Eventually, Jason, Erica, and Tomas figure out that the game itself is haunted. Whoever makes it to the end may have the chance to undo the damage with a winning wish, but there are a lot of venomous snakes, advance age-stinging bees, man-eating crabs, and crazy obsessive Spanish detectives to deal with first. 

Directed by Alvaro de Arminan from a script by Roderick Taylor and Bruce Taylor, Open Graves is a goofy tale that takes itself extremely seriously, which is exactly what you want from a movie like this. Character development stops at “surfer,” “love triangle,” and “lives in a cool lighthouse.” The Spanish coast is a living postcard and everyone is attractive, at least until some outdated computer animation tears their body apart. This movie is no The Sand, but it scratches a similar itch.

High Points
Who can argue with the creativity of deaths on display? Crabbings, snakings, flayings, and intense advanced aging? I’ll take it

Low Points
I won’t spoil the ending, but it’s incredibly unsatisfying for everyone, including the evil deep demon voiced angel/demon apparition of Eliza Dushku who, I guess, has to go through this rather ridiculous process time and time again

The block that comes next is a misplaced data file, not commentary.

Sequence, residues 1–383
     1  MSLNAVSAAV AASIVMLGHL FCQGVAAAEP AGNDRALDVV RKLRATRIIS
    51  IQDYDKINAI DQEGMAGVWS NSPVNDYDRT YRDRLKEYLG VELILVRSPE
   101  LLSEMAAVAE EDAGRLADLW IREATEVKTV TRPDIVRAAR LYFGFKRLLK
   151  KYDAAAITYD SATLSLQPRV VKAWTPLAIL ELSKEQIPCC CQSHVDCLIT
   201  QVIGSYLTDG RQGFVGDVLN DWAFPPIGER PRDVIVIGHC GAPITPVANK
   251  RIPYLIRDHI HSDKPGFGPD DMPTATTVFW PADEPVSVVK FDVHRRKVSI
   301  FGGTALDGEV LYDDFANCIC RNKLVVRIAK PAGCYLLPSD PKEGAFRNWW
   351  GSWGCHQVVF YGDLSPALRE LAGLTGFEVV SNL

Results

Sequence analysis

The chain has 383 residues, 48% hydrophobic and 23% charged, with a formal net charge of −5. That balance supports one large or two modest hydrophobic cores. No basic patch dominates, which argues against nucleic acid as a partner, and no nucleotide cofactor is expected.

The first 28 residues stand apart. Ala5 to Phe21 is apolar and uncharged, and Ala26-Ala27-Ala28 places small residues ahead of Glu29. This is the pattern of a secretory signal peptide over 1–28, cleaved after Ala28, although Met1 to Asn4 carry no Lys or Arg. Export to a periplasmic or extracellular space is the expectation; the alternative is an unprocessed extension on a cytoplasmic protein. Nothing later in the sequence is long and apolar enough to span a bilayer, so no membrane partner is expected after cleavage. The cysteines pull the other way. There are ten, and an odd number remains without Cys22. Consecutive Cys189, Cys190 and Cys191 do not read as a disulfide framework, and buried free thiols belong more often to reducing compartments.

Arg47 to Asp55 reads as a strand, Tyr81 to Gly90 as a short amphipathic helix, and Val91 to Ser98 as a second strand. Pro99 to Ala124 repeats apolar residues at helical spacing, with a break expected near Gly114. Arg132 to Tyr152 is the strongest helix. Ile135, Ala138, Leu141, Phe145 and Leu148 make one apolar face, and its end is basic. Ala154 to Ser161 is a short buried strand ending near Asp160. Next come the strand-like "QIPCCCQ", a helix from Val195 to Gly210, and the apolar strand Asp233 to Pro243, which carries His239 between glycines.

Lessons Learned
Crabs are honest creatures, which I guess makes CGI crabs some kind of hole in the universe?

Unlike their American male counterparts, female Spanish morticians trade sandwiches for shameless flirting

The English translation of “vae victis” is “losers weepers”

16th century Spanish priests had incredible foresight into the 20th century board game market, anticipating its American popularity and wisely printing its instructions and playing cards in English

Riddle Me This
I’ve seen Labyrinth enough times over the course of 30+ years that I can quote the entire screenplay backwards and forwards (it’s a great coping trick for surviving root canals) and yet I STILL do not understand the riddle of the two doors. Well, Open Graves, which focuses on some very dumb characters who prove to make constant dumb decisions throughout these 87 minutes, uses the SAME riddle and somehow, these pretty idiots nail it. Humbled, I am.

If you love a good dumb straight-to-DVD-when-that’s’-how-we-watched-dumb-horror-movies, you will indeed have a fun time with Open Graves. Not surprisingly, it’s streaming on Amazon Prime. Sometimes, this world is a balanced place after all.

Monday, May 13, 2019

Send More Corn Rigs

Sometimes, it's hard to judge the movie you see when the one you wrote in your head is so much more interesting. 

Especially if yours involves musical numbers.

Quick Plot: Vaughn and Marcus are childhood pals looking for one last weekend of wild fun before Vaughn becomes a father. The pair heads out to a remote village to do some hunting, drinking, and in Marcus's case, coke and townie hookup-ing.